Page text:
Amazing as it may seem to those who have seen me gobble leaves of lettuce like I’m part-Energizer Bunny, put cherry tomatoes on my shredded carrots and use mustard as dressing, and eat six pieces of fruit in one sitting, I am not always the healthiest of eaters (just ask the boyfriend…a few weeks ago I managed to eat three slices of wedding cake at a wedding we were celebrating). In fact, I’d go ahead and suggest that I even sometimes over-eat.
I was thinking about this while working as a PA last week. While talking to the father of one of the talent, I discussed over a platter of cheese-cubes how I had learned patience by making a New Year’s resolution to be more patient. I then spent the next year standing in the longest lines at the grocery store, always parking in the farthest away spots even on errands I wanted to be over with quickly, and not being stressed when I was only on time to an event rather than fifteen minutes early. Interestingly, this made me more patient.
As I moved on to eating chocolate chip cookies, the dad and I began discussing willpower. I mentioned that cutting myself off is something I wish I could learn to do. He looked at me questioningly and said, “Sounds like you just need to make a resolution.” Perhaps he is right.
Anyway, as luck would have it, Dr. Dad handed me a recent issue of UpdatePlus: Magazine of the American Alliance for Health, Physical Education, Recreation, and Dance, in which there was an article titled “The Science Behind Overeating.” Apparently, lacking willpower isn’t the only struggle when it comes to overeating; there are other factors that make resisting food challenging. David A. Kessler, author of The End of Overeating: Taking Control of the Insatiable American Appetite, looked into the science behind what makes us hungry.
Certain foods will stimulate dopamine in your brain – that’s the little bugger who conveys happy feelings in your head. Naturally your brain likes that feeling and wants you to have it more often, so it willingly increases your focus on foods that bring about dopamine. Simply seeing the food, or even smelling it can make your brain want that feeling whether you are hungry or not. This focus can also be triggered by locations where you once had something you enjoyed or the time of day.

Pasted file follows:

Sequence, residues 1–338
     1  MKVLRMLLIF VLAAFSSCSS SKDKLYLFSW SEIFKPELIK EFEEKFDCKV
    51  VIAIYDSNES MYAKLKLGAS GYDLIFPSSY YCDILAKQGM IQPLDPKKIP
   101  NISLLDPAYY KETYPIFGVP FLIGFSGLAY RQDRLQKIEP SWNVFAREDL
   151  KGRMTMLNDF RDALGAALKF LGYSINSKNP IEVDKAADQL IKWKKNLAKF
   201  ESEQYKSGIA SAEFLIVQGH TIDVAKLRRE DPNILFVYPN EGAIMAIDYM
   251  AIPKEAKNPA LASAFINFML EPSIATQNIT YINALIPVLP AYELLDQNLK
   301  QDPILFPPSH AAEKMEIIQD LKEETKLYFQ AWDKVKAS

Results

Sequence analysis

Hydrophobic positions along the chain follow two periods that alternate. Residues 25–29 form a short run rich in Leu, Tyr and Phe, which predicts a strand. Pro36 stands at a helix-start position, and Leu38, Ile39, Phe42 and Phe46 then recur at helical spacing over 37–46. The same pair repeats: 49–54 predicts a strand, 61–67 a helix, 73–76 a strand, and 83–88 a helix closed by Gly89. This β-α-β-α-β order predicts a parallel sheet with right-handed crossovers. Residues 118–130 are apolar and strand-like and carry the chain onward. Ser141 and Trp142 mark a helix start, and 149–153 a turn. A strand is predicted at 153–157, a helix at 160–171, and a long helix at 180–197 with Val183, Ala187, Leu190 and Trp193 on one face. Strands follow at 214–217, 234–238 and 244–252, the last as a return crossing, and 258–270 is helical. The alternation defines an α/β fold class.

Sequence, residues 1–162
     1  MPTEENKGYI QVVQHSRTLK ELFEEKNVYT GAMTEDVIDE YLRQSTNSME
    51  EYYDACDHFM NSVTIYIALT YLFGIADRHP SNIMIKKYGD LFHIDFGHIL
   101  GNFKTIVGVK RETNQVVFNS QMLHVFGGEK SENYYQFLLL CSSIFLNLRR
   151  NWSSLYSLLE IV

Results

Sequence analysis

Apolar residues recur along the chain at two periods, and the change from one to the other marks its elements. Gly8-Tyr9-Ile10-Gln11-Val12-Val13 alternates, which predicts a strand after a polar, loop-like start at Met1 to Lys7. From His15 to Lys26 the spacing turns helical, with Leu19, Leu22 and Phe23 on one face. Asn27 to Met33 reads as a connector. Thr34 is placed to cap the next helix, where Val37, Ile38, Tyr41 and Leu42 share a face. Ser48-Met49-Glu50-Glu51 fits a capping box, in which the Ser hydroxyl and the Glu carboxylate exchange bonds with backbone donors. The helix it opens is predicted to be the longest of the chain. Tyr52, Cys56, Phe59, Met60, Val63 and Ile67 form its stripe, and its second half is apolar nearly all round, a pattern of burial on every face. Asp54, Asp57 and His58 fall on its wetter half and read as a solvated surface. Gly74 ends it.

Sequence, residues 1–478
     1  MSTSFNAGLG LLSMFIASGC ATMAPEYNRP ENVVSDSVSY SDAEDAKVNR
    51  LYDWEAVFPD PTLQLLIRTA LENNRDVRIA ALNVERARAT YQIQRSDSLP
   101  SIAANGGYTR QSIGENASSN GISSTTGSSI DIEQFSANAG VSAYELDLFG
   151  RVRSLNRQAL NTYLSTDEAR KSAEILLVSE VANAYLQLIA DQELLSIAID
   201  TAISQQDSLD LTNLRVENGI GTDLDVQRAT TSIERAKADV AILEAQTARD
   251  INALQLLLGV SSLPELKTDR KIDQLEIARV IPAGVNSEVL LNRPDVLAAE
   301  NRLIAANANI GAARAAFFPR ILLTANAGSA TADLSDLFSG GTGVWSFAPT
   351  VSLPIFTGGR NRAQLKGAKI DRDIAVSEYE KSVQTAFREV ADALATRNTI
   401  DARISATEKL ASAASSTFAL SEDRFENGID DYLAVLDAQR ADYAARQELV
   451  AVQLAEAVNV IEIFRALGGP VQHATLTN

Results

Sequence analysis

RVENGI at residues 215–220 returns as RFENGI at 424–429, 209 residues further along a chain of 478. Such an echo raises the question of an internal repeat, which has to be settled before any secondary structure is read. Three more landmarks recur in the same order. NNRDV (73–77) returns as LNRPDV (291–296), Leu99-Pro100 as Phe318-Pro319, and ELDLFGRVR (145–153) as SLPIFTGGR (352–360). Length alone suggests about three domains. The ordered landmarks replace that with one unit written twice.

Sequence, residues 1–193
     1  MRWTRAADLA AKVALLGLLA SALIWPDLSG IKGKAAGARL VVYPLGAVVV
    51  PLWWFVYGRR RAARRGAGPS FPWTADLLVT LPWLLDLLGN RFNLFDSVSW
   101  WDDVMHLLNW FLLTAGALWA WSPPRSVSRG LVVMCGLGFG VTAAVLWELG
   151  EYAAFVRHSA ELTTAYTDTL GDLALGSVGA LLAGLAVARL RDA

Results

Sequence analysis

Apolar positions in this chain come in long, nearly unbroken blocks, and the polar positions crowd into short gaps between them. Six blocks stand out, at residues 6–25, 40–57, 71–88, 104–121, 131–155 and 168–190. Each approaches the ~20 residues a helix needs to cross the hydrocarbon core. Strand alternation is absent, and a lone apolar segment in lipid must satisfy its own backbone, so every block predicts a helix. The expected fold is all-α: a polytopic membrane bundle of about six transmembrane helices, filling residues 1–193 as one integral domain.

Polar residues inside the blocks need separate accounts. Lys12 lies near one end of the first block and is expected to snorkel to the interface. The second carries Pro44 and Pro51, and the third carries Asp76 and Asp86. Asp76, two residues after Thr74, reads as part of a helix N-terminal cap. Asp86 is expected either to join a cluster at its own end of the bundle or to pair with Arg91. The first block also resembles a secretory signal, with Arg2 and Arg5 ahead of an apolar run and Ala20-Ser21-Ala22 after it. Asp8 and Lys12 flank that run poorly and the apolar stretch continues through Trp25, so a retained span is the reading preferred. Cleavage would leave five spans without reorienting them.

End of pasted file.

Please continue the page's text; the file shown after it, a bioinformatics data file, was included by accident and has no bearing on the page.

Dopamine triggers include sugar, salt and anything with high levels of fat. All those foods we find delicious – bacon, brownies, hollendaise sauce, etc – contain some or all of these ingredients. Kessler compares the way we crave food to th way a junkie craves drugs; cocaine also causes dopamine levels to spike and stimulates the brain to want more.
Of course, all this science news worries me. I have a hard enough time passing on French fries or skipping mid-day snacks, and living with a chef who whips up the most astounding banana bread I’ve ever had in my life definitely leaves me in a bit of a pinch at times. Luckily, there are tricks of the trade for those attempting to find the willpower we maybe never had, all outlined in Kessler’s book.
The suggestion that struck me most was this one. Choose foods that satisfy rather than stimulate: whole grains, beans, vegetables, fruit, and lean protein. Makes a lot of sense. I can look at the options presented to me on a menu, at a pot-luck, or even in my home, and make good choices. I know what is salty and what isn’t. You cannot eat too many veggies, so loading up on those first is essential. Go for what your body needs rather than what it wants.
I guess this is what willpower is. Learning to have those happy feelings without sugars, salts, and fats. Or knowing the trade off of feeling better about yourself is worthwhile. Kessler also suggests having a plan of action for when you see trigger foods: plan to walk away, plan to think of something else, plan to drink a glass of water. Again, this seems like learning how to have willpower. If you’re like me though, I’ve been known to drink a glass of water while staring intently at the burrito I really want.
In the end, I know my eating habits are my own. Knowing there is science behind them is comforting to a degree, but doesn’t change the fact that only I am in charge of how I eat, how much I eat, when I eat, and what I eat. I’m going to keep trying to make good choices.